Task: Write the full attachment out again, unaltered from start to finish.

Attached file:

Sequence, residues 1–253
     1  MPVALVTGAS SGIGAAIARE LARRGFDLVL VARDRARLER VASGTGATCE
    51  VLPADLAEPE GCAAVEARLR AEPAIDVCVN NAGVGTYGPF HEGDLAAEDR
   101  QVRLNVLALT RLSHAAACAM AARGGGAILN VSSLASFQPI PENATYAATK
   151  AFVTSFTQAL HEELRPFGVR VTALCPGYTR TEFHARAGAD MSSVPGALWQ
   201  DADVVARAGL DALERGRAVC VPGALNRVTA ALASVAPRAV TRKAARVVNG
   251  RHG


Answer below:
Sequence, residues 1–253
     1  MPVALVTGAS SGIGAAIARE LARRGFDLVL VARDRARLER VASGTGATCE
    51  VLPADLAEPE GCAAVEARLR AEPAIDVCVN NAGVGTYGPF HEGDLAAEDR
   101  QVRLNVLALT RLSHAAACAM AARGGGAILN VSSLASFQPI PENATYAATK
   151  AFVTSFTQAL HEELRPFGVR VTALCPGYTR TEFHARAGAD MSSVPGALWQ
   201  DADVVARAGL DALERGRAVC VPGALNRVTA ALASVAPRAV TRKAARVVNG
   251  RHG